Good policy is based upon good data; meaning your data has been fact checked and that you have enough of it to know it accurately represents your research subject. Advocating for change based on our daily experiences is legitimate. However, collecting other data gives us a clearer picture of what’s going on and where change is needed—if at all. So let’s collect some data about your neighborhood.
Walk your neighborhood and map the need for street services. You can pin your address and print a map from Google, or sketch one out yourself.
If it has snowed recently, note on your map where the streets have and haven’t been plowed. Are they totally cleared or still icy? If it hasn’t snowed, map the conditions of the streets. Where are there potholes, where have the streets been recently paved?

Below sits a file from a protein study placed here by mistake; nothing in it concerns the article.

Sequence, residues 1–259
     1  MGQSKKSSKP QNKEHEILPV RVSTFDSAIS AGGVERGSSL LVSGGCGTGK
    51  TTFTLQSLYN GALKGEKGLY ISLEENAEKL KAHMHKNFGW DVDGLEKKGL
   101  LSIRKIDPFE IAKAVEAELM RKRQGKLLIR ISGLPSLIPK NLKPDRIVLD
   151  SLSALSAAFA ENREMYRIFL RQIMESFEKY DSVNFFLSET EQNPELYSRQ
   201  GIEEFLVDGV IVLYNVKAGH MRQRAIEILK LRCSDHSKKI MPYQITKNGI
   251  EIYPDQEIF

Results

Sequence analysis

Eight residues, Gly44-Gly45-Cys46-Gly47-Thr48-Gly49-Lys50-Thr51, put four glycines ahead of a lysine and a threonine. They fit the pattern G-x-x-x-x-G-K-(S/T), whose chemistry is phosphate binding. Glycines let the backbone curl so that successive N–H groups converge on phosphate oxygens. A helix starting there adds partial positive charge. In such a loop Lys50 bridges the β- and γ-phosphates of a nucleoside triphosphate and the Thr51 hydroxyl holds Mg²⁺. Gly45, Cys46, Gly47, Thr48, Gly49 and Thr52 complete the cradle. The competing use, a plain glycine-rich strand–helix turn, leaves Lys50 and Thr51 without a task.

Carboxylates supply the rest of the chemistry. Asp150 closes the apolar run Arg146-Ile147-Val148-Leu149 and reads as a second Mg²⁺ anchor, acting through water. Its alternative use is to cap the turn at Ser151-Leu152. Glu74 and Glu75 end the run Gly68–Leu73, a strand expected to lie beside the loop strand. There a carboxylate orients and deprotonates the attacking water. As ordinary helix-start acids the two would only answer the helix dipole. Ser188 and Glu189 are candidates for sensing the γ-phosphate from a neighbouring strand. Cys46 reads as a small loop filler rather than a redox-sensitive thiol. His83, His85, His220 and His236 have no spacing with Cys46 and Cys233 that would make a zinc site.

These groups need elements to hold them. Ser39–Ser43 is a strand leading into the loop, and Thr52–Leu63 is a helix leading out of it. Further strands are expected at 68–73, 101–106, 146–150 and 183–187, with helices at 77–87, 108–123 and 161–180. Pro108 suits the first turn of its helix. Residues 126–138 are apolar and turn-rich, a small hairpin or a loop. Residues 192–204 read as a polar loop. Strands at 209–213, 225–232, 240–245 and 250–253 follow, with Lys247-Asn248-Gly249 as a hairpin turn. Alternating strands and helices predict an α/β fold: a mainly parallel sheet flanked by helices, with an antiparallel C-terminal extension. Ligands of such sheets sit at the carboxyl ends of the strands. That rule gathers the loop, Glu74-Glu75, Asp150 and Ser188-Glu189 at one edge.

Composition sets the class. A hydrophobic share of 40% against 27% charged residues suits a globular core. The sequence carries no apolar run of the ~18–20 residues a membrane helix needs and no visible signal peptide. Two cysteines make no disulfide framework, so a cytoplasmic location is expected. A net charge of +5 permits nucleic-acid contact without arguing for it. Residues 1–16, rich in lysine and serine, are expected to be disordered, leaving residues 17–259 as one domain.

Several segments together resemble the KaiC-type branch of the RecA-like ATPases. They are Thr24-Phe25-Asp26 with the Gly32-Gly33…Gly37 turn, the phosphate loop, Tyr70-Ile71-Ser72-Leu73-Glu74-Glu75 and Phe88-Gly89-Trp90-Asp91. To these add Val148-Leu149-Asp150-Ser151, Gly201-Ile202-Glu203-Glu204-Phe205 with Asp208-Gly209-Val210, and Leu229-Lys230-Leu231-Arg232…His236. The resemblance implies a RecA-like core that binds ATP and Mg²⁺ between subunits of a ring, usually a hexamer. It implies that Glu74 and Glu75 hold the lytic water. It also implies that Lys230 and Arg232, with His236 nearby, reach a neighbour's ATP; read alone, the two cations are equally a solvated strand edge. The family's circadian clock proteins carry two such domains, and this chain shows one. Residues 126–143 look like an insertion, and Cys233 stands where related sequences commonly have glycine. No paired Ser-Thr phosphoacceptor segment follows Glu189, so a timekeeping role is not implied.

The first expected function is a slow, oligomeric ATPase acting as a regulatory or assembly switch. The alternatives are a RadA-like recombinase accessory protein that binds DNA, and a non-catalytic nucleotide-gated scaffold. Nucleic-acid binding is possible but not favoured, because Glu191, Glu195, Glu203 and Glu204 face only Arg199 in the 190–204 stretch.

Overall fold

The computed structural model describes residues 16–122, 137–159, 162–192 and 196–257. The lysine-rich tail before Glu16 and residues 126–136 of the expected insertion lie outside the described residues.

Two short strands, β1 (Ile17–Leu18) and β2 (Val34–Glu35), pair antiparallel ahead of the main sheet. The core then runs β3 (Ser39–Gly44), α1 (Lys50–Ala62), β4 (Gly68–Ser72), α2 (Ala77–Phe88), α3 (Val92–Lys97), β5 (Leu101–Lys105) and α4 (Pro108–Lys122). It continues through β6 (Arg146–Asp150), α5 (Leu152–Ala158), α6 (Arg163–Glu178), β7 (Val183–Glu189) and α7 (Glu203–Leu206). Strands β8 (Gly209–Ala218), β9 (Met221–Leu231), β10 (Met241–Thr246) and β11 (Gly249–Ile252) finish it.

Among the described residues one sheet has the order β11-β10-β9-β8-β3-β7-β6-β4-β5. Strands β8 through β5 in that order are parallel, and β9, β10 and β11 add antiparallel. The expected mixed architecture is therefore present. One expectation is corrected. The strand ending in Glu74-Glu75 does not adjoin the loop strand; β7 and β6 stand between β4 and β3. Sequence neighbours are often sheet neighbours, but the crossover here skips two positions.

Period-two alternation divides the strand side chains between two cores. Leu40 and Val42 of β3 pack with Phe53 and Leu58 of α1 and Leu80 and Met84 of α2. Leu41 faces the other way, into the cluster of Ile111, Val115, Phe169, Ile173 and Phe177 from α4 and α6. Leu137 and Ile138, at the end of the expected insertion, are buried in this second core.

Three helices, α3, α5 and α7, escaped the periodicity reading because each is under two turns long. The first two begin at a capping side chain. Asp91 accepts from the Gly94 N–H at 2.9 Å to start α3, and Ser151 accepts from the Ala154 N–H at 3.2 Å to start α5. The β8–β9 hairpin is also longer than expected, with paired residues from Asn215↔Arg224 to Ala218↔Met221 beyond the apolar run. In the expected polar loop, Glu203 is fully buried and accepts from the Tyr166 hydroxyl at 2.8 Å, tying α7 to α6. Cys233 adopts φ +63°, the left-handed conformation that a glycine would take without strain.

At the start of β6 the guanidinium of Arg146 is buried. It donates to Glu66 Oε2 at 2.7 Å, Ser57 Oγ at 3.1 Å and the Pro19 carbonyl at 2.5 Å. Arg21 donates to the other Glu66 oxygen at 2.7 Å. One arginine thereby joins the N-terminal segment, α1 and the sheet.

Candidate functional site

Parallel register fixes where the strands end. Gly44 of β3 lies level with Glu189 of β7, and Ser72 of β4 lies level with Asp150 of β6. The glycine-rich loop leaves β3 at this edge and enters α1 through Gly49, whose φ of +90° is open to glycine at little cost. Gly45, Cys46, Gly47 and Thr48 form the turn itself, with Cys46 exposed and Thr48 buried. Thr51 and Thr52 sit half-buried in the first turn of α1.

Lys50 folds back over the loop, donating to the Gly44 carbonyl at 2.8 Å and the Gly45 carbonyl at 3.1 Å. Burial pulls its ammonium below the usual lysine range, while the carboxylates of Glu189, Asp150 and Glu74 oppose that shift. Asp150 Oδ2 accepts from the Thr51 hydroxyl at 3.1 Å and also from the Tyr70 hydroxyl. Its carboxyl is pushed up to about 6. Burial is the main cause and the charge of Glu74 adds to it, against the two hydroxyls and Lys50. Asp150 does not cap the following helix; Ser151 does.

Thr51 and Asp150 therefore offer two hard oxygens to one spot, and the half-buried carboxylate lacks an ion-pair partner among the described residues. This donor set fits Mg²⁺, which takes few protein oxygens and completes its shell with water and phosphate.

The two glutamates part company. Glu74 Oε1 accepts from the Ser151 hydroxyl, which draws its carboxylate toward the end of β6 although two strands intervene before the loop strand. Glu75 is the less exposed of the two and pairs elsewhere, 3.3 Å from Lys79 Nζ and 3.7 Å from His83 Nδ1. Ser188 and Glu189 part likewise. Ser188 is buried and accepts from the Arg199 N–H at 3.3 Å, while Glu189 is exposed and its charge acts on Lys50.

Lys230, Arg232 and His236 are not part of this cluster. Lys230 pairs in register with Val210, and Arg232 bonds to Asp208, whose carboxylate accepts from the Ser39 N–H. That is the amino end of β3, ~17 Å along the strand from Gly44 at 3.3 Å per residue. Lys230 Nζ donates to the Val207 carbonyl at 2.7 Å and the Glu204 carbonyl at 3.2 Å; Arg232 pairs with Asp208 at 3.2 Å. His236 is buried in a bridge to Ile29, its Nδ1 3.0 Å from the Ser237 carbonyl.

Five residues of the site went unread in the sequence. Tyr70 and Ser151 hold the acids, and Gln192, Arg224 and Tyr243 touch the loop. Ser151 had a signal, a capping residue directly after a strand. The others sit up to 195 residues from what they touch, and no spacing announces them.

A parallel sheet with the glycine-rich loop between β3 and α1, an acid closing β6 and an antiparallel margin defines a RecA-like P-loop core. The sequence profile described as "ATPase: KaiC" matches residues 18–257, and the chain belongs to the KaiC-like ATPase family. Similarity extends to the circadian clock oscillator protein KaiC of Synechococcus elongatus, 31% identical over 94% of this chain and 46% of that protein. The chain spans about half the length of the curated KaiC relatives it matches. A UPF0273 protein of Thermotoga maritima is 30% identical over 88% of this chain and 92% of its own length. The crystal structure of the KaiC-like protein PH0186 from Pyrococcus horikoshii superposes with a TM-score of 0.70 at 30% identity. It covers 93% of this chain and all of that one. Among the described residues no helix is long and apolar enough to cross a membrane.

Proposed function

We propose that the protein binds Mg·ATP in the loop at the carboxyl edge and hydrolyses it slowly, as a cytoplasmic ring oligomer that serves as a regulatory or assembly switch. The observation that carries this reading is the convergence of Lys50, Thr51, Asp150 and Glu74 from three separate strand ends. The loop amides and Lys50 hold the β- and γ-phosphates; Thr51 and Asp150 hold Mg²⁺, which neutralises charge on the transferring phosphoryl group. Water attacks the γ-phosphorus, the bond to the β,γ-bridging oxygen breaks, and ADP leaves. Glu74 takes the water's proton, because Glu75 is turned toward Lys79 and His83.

Now you’ve got data to share with the Department of Public Works, your Council person, or even the Mayor! Choose who you want to share the information with based on your message. Remember, people work hard to bring services to us so tell them if the streets need work, but also tell them if they’re well maintained.